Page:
Tag Archives: South Dakota

Roadside: BBQ Chip Road Trip

Michigan has game when it comes to 20th century snack foods.

Michigan has game when it comes to 20th century snack foods aka the beginnings of helping Americans make themselves fat.

In 2013 I went on a road trip through 11 states in 8 days. Along the road there were plenty of stops at gas stations, and at each one I tried to find something different that I hadn’t seen before. A couple states in I started to realize that there was something regional in the potato chip aisle. Though now-national brands like Lays are well represented across the U.S., little odd ball and generic-y brands would pop up. I decided to make it my road trip quest to find the best of the BBQ chips.

I don’t eat a lot of chips these days, but as a kid BBQ Ruffles were one of my favorites. As an adult I’m a big fan of the spicy heat of Grippo’s BBQ chips, my Dad’s hometown crispy potato. During the road trip from Colorado to Ohio, and then up through Michigan to Wisconsin, Minnesota, South Dakota, and Wyoming, a few chips came close along the way, but I still didn’t find a chip to surpass the Grippo’s spice.

I resurrected the BBQ chip hunt on my latest road trip jaunt through Arkansas and East Texas and figure it’s time to start recording all those BBQ feelings before I complete forget. Still no new champions, but the quest continues. The contenders so far, along with my completely subjective and non-scientific opinions:

Regional BBQ Chip Rankings as of 2015 June:

  1. Grippo’s Bar-B-Q
  2. Better Made Special Barbecue
  3. Golden Flake Sweet Heat Barbecue
  4. Old Dutch Bar-B-Q
  5. Urge Barbeque
  6. Guy’s Barbeque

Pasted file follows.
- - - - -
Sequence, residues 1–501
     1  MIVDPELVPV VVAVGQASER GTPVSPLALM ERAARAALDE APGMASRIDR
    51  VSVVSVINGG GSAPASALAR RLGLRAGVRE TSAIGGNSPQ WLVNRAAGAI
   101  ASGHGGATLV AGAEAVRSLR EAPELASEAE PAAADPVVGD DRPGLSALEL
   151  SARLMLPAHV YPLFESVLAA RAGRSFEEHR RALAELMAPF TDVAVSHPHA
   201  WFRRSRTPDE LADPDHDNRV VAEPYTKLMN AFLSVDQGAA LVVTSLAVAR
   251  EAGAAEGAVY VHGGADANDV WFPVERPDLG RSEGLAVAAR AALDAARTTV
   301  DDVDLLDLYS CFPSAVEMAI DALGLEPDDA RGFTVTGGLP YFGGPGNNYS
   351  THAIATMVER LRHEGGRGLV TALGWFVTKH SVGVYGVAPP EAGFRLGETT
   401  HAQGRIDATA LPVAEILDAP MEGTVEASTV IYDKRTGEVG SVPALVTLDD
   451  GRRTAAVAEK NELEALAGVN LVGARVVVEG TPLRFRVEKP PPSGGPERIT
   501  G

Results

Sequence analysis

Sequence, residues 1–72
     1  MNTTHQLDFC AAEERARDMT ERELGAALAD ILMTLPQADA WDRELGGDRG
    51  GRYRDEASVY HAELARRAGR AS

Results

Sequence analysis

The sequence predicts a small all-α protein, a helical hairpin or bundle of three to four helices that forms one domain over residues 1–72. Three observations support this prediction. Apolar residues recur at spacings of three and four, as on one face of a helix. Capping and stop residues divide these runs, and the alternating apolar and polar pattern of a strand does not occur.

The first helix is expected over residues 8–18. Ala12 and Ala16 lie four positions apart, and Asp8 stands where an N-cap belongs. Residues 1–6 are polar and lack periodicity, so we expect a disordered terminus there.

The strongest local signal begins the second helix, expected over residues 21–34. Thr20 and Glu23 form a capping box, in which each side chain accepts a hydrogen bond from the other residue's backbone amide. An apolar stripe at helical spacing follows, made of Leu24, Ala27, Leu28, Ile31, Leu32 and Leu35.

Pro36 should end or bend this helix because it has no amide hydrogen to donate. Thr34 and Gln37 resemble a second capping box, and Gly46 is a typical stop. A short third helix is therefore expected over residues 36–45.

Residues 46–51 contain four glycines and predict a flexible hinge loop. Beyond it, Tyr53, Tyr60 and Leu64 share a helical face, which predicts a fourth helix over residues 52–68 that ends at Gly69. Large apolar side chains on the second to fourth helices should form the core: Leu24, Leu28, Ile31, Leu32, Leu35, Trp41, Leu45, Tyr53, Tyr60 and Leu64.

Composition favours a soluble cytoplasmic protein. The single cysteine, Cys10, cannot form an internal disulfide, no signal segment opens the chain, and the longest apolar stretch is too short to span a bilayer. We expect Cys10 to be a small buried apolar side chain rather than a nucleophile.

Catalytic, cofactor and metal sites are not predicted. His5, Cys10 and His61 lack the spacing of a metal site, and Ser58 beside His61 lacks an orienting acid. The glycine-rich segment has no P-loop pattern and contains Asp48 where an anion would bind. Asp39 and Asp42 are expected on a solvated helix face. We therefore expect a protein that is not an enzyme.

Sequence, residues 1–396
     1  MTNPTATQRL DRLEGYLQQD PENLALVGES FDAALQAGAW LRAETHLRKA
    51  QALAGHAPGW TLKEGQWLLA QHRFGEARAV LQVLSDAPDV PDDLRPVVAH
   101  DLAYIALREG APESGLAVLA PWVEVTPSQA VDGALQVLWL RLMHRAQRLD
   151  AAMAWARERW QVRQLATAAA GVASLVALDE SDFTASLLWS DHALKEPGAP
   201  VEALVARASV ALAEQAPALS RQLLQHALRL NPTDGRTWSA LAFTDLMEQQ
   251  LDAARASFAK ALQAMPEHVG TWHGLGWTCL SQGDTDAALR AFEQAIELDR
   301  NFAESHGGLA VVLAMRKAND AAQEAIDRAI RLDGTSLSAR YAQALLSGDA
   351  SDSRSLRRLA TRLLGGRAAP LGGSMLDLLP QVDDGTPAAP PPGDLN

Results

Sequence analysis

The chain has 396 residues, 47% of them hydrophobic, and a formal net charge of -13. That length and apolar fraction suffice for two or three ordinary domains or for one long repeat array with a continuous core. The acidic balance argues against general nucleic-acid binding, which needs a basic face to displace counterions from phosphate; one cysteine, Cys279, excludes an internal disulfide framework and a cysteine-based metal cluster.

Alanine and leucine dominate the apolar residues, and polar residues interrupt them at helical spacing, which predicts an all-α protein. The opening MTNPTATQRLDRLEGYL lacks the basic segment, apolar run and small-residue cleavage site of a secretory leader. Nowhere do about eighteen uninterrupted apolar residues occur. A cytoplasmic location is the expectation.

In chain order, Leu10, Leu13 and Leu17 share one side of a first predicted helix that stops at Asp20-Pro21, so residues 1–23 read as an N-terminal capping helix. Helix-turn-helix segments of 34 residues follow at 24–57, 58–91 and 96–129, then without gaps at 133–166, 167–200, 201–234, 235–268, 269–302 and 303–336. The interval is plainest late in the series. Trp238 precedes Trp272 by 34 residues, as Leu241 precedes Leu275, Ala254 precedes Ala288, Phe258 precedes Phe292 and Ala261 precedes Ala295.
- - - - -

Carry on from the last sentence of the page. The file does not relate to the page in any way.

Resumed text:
The Rust Belt region understands the fine art of properly spiced BBQ chips. This is only a scratch on the BBQ dust coated surface, so the rankings will grow as I get the chance to snack in new places. BBQ chip recommendations welcome.

Roadside: Wall Drug, Wall, South Dakota

High kitsch. There is something about a tacky roadside attraction in the middle of nowhere that is part of what makes America great. You drive out on a road trip to see what beautiful natural formations Earth cooked up and then you take in the constructed dives and palaces of humanity.

I enjoy visiting iconic locations like Mount Rushmore or the Eiffel Tower, but there is nothing quite like a dusty or colorfully gaudy roadside attraction held together by remanents of memory and local gumption.

I’m gonna do a week of roadside attractions and history exploitation, starting with:

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Wall Drug is probably the king of campy tacky tourist delights. Not my favorite, but fun to visit for a “ride” on a jackalope. When you drive west through South Dakota on I-90 you can’t miss the dozens and dozens of billboards that count down your arrival to this giant strip of tourist-oriented stores. I think the exciting anticipation the billboards ramp up is more exciting than the place itself, which is a statement that can probably be applied to most general things in life.

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